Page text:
Oregon Legislature Settles Harassment Case with BOLI
The terms of the settlement state that the state Legislature will pay a combined $1.1 million in non-economic damages to eight aggrieved parties who worked at the Capitol in a variety of roles but were not elected officials. The largest individual damages award is $415,000.
Oregon's Bureau of Labor and Industries (BOLI) announced March 5 that it has reached a settlement agreement with the Oregon Legislature to resolve a civil rights complaint that the bureau filed last summer. The Legislature will provide $1.1 million to eight victims of sexual harassment and hostile workplace behavior at the state Capitol in Salem. BOLI's news release says the agreement also ensures the Legislature "will swiftly put into place new systems for reporting and handling future complaints of workplace harassment, as well as for training everyone who works at the Capitol about prohibited conduct."
BOLI had reported that it found substantial evidence of unlawful employment practices by the state assembly over a period of several years.
BOLI Commissioner Val Hoyle said that the settlement meets the three criteria she sought for any potential agreement: justice for the victims, accountability for the Legislature, and establishment of a system to better respond to future workplace complaints. "This settlement ensures that the injured parties have their harms addressed," Hoyle said. "It puts in place requirements and processes that, when fully implemented, will improve the Capitol as a workplace and will provide appropriate support to workers who may have issues in the future."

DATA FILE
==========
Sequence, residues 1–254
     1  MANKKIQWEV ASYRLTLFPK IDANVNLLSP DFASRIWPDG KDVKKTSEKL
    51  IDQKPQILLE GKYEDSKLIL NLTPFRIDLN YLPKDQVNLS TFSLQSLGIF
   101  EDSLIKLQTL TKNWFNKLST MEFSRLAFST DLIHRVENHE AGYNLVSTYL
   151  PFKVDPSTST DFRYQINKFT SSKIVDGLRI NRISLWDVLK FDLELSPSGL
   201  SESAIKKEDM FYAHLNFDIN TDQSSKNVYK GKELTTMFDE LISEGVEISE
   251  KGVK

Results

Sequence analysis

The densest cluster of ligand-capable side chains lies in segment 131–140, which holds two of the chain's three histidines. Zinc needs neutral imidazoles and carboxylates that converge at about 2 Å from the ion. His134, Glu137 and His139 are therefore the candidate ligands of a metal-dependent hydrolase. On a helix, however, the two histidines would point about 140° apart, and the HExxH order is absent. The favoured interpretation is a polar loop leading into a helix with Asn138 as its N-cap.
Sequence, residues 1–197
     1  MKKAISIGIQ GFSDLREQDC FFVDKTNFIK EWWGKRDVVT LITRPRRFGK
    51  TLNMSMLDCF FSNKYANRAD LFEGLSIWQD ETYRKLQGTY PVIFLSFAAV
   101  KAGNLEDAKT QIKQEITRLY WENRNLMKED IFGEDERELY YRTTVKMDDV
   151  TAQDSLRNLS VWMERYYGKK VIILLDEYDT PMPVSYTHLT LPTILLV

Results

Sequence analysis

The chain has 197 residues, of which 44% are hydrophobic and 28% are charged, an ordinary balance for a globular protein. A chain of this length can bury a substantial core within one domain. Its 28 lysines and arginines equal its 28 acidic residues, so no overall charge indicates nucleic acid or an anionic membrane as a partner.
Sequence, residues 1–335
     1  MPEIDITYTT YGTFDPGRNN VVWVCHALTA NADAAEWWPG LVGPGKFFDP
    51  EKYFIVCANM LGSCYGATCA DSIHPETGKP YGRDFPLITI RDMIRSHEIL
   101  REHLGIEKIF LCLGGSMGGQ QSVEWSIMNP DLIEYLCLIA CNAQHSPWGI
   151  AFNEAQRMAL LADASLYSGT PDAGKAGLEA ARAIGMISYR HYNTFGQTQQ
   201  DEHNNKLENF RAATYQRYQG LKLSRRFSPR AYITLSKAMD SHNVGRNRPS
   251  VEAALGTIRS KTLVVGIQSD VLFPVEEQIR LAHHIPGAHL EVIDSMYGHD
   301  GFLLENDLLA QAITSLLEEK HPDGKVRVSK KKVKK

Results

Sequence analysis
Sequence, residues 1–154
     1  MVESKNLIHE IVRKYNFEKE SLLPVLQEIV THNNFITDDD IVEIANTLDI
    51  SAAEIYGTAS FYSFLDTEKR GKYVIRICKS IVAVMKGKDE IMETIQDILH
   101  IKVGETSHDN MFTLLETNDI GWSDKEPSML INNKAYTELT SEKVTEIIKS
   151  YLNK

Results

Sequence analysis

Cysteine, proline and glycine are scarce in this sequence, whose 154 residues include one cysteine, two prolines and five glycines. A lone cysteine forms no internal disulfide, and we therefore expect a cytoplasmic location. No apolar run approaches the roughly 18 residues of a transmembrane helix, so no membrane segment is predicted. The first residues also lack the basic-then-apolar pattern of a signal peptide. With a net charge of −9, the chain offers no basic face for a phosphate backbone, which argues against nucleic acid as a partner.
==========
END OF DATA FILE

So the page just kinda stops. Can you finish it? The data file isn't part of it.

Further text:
Hoyle said the settlement includes damages for individuals who could not have brought their claims in court, due to the lapsed statute of limitations. "Those victims could only have had their harms addressed through a BOLI Commissioner's complaint. I'm pleased that we were able to provide them access to justice," Hoyle said.
The terms of the settlement state that the state Legislature will pay a combined $1.1 million in non-economic damages to eight aggrieved parties who worked at the Capitol in a variety of roles but were not elected officials. The largest individual damages award is $415,000. The names and other personal identifying information of the individuals who are party to the settlement are not being released publicly in order to protect their privacy. The Legislature will pay state Senator Sara Gelser $26,612 to reimburse her for attorney's fees and other out-of-pocket expenses; those were the only monetary damages sought by the senator.
All aggrieved parties involved in the settlement have agreed to release the Legislature of any future claims or litigation. Also spelled out by the terms is that the offices of Legislative Counsel and the Legislative Administration will not handle any future complaints of discrimination and sexual harassment at the Legislature; the Legislature must hire an outside attorney, subject to BOLI review and input, to handle any complaints filed until its new Equity Office is established; and the Legislature will adopt the Oregon Law Commission's recommendations for improving its workplace protections. The recommendations include the creation, by this summer, of the new Equity Office to handle workplace harassment complaints. New processes will be established for training about workplace behavior, for handling complaints, and for protecting potential victims through that new office. If new systems and structures are not put in place, BOLI retains the right to file formal charges.
BOLI's news release says that the agency "also acknowledges that its complaint process in this instance was politicized in a manner that inhibited both sides from participating thoroughly in the investigation last year."